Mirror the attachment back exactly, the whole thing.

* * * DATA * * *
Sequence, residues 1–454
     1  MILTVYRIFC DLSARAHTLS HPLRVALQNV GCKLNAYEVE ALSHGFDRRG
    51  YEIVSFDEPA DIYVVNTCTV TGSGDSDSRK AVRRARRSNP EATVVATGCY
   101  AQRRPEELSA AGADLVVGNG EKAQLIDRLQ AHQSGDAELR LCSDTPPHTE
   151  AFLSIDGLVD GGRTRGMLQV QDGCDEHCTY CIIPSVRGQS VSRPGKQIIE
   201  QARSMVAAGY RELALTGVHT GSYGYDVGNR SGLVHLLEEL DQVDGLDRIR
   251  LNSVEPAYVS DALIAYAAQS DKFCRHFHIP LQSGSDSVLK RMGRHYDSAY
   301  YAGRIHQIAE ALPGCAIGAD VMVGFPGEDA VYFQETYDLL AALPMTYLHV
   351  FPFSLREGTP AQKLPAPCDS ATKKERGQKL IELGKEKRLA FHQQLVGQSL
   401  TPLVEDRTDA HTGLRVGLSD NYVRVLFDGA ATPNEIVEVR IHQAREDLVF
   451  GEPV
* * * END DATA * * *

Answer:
Sequence, residues 1–454
     1  MILTVYRIFC DLSARAHTLS HPLRVALQNV GCKLNAYEVE ALSHGFDRRG
    51  YEIVSFDEPA DIYVVNTCTV TGSGDSDSRK AVRRARRSNP EATVVATGCY
   101  AQRRPEELSA AGADLVVGNG EKAQLIDRLQ AHQSGDAELR LCSDTPPHTE
   151  AFLSIDGLVD GGRTRGMLQV QDGCDEHCTY CIIPSVRGQS VSRPGKQIIE
   201  QARSMVAAGY RELALTGVHT GSYGYDVGNR SGLVHLLEEL DQVDGLDRIR
   251  LNSVEPAYVS DALIAYAAQS DKFCRHFHIP LQSGSDSVLK RMGRHYDSAY
   301  YAGRIHQIAE ALPGCAIGAD VMVGFPGEDA VYFQETYDLL AALPMTYLHV
   351  FPFSLREGTP AQKLPAPCDS ATKKERGQKL IELGKEKRLA FHQQLVGQSL
   401  TPLVEDRTDA HTGLRVGLSD NYVRVLFDGA ATPNEIVEVR IHQAREDLVF
   451  GEPV